Image and Brain: The Resolution of the Imagery Debate

Science - 1995-01-01Georgopoulos AP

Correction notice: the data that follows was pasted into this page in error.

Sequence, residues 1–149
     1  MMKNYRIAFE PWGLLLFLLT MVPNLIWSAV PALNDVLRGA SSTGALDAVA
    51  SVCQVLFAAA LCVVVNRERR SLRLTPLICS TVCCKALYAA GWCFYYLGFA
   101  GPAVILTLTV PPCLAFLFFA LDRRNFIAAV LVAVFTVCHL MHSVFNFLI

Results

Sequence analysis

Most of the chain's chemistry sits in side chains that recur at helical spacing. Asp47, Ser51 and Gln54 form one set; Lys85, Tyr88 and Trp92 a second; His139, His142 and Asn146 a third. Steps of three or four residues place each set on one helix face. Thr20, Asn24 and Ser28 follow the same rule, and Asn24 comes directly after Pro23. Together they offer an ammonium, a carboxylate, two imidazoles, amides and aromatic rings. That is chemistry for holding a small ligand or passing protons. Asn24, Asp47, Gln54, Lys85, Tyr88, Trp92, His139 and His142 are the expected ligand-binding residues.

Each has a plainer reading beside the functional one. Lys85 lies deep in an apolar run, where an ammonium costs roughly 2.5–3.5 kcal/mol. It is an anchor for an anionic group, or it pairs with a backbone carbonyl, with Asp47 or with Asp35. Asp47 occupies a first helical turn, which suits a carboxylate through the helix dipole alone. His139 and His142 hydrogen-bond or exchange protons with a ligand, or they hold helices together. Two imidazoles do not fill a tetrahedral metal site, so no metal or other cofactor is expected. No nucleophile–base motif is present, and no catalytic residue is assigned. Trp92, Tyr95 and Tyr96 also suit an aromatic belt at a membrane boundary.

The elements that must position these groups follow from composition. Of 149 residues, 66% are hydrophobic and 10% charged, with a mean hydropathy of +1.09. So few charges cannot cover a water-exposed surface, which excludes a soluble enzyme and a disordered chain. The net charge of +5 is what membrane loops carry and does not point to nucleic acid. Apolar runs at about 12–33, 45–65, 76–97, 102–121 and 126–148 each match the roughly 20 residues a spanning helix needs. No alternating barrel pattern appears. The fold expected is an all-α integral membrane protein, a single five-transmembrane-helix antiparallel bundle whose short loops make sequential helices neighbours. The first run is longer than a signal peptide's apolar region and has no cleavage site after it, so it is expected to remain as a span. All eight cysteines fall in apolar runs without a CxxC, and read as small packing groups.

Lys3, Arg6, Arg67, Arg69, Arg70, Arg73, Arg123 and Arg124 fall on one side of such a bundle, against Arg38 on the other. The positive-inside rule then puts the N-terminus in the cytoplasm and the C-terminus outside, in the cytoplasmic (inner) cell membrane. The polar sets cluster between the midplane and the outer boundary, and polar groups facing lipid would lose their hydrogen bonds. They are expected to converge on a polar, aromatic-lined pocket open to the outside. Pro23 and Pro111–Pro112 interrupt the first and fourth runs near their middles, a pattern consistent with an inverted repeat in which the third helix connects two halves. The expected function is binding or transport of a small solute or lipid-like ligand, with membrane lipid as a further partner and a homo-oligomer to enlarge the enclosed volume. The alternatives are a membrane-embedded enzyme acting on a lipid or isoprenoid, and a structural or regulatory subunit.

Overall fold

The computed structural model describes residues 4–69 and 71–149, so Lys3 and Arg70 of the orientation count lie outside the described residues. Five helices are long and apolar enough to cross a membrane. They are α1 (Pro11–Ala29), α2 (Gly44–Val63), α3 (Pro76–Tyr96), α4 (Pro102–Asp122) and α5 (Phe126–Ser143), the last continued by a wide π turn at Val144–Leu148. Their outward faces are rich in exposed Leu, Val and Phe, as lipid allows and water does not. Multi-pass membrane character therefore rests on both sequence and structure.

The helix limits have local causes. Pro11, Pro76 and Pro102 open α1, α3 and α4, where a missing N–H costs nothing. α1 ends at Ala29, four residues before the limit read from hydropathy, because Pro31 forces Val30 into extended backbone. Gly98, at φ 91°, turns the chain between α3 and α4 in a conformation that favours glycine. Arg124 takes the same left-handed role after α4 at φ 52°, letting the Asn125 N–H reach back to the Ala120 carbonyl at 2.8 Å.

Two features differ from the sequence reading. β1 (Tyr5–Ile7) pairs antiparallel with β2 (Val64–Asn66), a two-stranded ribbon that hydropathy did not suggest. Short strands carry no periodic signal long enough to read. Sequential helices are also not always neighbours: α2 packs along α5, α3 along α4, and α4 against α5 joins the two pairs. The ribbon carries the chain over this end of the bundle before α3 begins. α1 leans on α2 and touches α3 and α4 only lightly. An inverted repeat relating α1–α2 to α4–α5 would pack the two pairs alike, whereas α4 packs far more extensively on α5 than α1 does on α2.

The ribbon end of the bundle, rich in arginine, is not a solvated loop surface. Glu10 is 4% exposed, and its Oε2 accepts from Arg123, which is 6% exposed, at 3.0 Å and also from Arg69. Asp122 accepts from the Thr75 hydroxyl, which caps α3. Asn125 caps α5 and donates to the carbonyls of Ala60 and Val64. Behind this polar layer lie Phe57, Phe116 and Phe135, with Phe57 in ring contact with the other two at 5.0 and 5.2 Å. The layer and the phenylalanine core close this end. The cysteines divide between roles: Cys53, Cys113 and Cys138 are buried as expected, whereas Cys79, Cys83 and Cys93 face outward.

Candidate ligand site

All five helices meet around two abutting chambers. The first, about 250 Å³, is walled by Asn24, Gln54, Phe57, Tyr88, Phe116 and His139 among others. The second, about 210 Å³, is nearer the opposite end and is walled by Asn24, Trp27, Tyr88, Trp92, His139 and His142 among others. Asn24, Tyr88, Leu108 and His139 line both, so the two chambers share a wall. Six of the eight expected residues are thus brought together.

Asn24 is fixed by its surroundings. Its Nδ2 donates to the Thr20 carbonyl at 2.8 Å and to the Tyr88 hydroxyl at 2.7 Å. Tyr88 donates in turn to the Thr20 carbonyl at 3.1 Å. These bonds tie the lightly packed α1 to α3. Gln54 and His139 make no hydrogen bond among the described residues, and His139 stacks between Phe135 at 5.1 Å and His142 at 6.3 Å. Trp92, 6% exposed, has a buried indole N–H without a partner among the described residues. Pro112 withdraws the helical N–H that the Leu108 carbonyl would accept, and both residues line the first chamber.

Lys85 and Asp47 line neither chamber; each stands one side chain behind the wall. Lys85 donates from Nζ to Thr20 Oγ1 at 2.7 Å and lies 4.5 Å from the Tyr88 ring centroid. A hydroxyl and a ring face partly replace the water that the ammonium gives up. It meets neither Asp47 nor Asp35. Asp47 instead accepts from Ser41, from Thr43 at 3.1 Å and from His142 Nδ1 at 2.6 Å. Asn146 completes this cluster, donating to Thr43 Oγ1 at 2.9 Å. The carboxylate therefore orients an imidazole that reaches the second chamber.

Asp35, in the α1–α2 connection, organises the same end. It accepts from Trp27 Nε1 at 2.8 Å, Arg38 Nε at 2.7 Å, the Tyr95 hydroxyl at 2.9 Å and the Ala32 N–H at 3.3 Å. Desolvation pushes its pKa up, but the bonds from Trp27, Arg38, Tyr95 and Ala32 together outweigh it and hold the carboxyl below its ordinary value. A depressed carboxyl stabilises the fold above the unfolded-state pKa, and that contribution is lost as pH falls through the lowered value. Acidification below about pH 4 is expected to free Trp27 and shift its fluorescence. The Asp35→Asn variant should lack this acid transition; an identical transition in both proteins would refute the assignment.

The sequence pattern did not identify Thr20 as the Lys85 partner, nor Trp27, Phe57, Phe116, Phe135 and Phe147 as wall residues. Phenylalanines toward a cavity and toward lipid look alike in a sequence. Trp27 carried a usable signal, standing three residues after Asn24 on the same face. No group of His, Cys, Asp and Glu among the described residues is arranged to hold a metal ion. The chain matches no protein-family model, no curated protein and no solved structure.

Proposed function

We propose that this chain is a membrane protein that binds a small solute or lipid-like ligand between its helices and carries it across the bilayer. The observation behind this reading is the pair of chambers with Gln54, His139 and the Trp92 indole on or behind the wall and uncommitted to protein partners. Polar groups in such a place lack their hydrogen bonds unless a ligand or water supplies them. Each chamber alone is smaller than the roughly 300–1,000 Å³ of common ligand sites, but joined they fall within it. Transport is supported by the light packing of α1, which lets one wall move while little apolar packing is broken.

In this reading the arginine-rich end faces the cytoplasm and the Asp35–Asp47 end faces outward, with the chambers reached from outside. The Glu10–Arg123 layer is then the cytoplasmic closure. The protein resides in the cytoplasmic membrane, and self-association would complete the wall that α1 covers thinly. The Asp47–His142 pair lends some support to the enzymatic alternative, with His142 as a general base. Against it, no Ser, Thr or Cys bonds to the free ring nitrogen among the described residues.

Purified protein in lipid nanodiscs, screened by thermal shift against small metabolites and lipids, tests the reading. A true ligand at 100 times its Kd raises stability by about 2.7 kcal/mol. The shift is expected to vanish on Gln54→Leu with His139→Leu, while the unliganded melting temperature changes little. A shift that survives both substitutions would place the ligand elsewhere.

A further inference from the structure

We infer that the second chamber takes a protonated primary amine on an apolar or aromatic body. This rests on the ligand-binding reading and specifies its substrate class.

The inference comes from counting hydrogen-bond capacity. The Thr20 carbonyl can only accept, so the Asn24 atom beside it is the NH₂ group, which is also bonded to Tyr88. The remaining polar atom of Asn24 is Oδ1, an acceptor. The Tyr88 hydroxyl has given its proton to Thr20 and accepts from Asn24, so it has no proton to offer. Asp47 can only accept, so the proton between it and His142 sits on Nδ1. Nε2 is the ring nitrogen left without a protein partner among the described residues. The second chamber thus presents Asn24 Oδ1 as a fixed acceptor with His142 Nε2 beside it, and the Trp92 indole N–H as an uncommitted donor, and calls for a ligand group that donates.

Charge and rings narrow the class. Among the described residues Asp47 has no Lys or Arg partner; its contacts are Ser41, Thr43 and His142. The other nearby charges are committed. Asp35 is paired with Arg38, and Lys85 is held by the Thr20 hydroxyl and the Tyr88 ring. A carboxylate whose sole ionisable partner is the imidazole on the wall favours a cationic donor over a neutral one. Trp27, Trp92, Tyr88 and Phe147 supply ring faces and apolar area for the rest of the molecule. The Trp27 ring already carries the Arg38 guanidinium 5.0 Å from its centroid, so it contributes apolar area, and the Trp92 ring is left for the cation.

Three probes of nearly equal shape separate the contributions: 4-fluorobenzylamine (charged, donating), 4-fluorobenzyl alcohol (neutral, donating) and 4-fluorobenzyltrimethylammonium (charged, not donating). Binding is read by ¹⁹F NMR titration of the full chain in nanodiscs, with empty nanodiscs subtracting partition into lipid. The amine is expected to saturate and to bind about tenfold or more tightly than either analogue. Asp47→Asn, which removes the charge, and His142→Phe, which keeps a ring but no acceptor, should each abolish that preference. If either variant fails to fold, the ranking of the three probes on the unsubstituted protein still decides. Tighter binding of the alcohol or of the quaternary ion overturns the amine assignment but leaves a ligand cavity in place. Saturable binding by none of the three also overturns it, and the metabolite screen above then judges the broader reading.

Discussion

Kosslyn's Image and Brain is a tour de force in the analysis of visual perception and imagery, looked upon from all possible perspectives. It is an examination of work done during the past 15 years on visual imagery by a variety of methods, from chronometric measurements to computer models to functional brain imaging, bringing a systematic approach to bear on this multitude of data to delineate the issues of brain mechanisms underlying visual perception and imagery. The scheme adopted posits a number of systems and subsystems (for example for edge detection and for encoding motion relations) that process specific kinds of information and that together make for an apparently seamless operation of visual perception and imagery. This analytical approach is open-ended, in the sense that more processing stations can be adduced if need or evidence for them arises; it is flexible, so that rearrangements in processing order are allowed for; and it is powerful, so that it can be applied rigorously to complex data. The net result is a coherent theory of visual perception and imagery in which results obtained by a diversity of methodologies--observations in normal and braindamaged people, neuroimaging, neurophysiological experiments, and computer modeling--can be accommodated and used to explore and fill in gaps in our account of observed phenomena. This calculus of processes, as it were, that Kosslyn develops can be applied to diverse situations. An excellent example is its application to the case of a particular brain-damaged patient, as detailed on pages 276-282. ...